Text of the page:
1. Increased air pollution. Plastic production needs electricity, one of the leading sources of air pollution in the U.S., according to a recent Environmental Protection Agency report. Oil and gas are also needed which means drilling, a harmful process known for destroying habitats. Then, gas is needed to transport the plastic materials from producers to straw makers, electricity is used to power straw-making machines, and even more gas is needed to deliver straws to customers. Besides banning straws, PacWhale Eco-Adventures has implemented a number of other green features, including using high efficiency engines on our vessels, locally sourced catering for our cruises, and LED lighting for our offices.
  2. Increased ocean pollution. Plastic drinking straws are one of the top 10 items picked up at beach cleanups worldwide. And it’s not just straws; studies estimate that 10-20 million tons of plastic ends up in the ocean each year. Once there, plastic can harm marine life through ingestion and/or entanglement. All species of sea turtles and approximately one third of all seabird species have suffered from harmful effects caused by eating plastic. If swallowed, plastics can cause internal blockages leading to starvation and drowning. Plastics also contain chemicals which can stop animals from being able to reproduce. Entanglement in debris also threatens marine life. Ongoing efforts to recover the endangered Hawaiian monk seal have been hindered by entanglement deaths. If you want to help clean up plastic debris from our coastlines, you can sign up for Pacific Whale Foundation’s Volunteering on Vacation program. If you’re not on Maui, don’t let that stop you, grab a reusable bag and head down to your local beach to collect some rubbish today.
  3. Unsustainable growth of landfills. Every piece of plastic ever made, regardless of whether it has been recycled, still exists. Up to 43% of the worlds plastic ends up in landfills, a situation that is only going to get worse.

So take a stand with us and say no to plastic straws, and single use plastics in general. You’ll be helping to create a more sustainable earth with cleaner air, land, and oceans for generations to come.



Freeing the Whales

Entanglement in fishing gear is responsible for the death of an estimated 300,000 whales and dolphins each year. Last year, a total of 13 individual humpbacks were confirmed entangled in Hawai’i waters. It was the highest annual number of confirmed large whale entanglements in Hawai’i since reporting began in 2002. While 13 confirmed entanglements is a far cry from 300,000 animals, the issue hits home when it happens right in your backyard.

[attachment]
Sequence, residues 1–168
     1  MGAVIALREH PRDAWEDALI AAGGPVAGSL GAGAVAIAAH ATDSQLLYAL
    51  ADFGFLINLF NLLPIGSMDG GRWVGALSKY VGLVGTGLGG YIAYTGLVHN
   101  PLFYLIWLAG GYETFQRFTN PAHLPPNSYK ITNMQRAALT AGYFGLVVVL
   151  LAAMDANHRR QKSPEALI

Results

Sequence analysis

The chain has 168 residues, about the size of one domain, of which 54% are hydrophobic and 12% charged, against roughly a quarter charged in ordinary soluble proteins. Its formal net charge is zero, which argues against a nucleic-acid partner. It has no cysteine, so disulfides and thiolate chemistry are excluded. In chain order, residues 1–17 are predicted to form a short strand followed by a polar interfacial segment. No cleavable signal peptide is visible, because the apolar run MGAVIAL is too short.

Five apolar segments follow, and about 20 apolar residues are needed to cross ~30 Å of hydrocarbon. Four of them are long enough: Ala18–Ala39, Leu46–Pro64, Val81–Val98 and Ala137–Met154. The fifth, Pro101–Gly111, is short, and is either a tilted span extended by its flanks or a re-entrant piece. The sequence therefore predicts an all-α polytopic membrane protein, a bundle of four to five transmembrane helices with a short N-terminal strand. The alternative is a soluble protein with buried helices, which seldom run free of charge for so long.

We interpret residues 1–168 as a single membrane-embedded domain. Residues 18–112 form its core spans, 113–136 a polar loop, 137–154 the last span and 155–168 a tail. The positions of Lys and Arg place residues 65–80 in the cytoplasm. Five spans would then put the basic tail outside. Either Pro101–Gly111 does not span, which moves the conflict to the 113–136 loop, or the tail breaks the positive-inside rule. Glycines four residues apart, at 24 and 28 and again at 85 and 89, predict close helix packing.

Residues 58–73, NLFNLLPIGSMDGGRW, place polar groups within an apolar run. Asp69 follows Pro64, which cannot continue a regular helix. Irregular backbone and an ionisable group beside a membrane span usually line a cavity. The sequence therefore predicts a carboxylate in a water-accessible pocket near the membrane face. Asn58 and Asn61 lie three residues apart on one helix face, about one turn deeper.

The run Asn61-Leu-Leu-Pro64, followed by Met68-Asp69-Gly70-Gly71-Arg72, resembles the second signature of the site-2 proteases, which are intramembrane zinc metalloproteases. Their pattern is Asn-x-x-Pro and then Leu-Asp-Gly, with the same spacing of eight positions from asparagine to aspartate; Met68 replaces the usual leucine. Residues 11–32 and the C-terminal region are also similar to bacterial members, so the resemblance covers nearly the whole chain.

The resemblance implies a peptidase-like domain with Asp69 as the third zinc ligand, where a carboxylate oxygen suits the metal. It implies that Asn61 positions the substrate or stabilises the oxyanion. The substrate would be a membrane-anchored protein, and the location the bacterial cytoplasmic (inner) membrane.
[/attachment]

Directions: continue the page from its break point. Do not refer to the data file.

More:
On Maui, the Hawai’i Disentanglement Network is responsible for responding to large whale entanglements. The Network is comprised of Sanctuary staff, tour boat operators, commercial airline pilots, tugboat captains, fishers, researchers, and private citizens. The Network relies on these individuals to alert the proper authorities of an entanglement. On-the-water efforts to disentangle animals are led by the Sanctuary’s Large Whale Disentanglement Coordinator, Ed Lyman.

During the 2013/2014 whale season, Pacific Whale Foundation vessels reported humpback entanglements on six different occasions. Once an entangled whale has been spotted, Pacific Whale Foundation vessel staff immediately begin recording important information such as gear type and the location of the whale. A call is then placed to Ed Lyman, and the Pacific Whale Foundation vessel remains with the whale until the Hawaii Disentanglement Network team arrives on the scene. During this time, passengers are also encouraged to take photos of the whale. These photos assist in identifying the whale and provide a more complete understanding of the entanglement.

The two photos below, both taken by Pacific Whale Foundation passengers, demonstrate the importance of photo documenting an entanglement. The two photos are of the same whale, and were taken during the same tour. The photo on the left shows line wrapping around the whale’s fluke (tail). The photo on the right shows line wrapped around the whale’s body, forward of the dorsal fin.

Alone, these photos suggest that the entanglement is confined to a specific part of the body. Together, though, these photos indicate that the entanglement is extensive, and in fact, covers most of the whale’s body.

Unfortunately, by the time the Sanctuary vessel had arrived on the scene, weather conditions had deteriorated and darkness was falling. The team eventually lost site of the whale, and it was never re-sighted.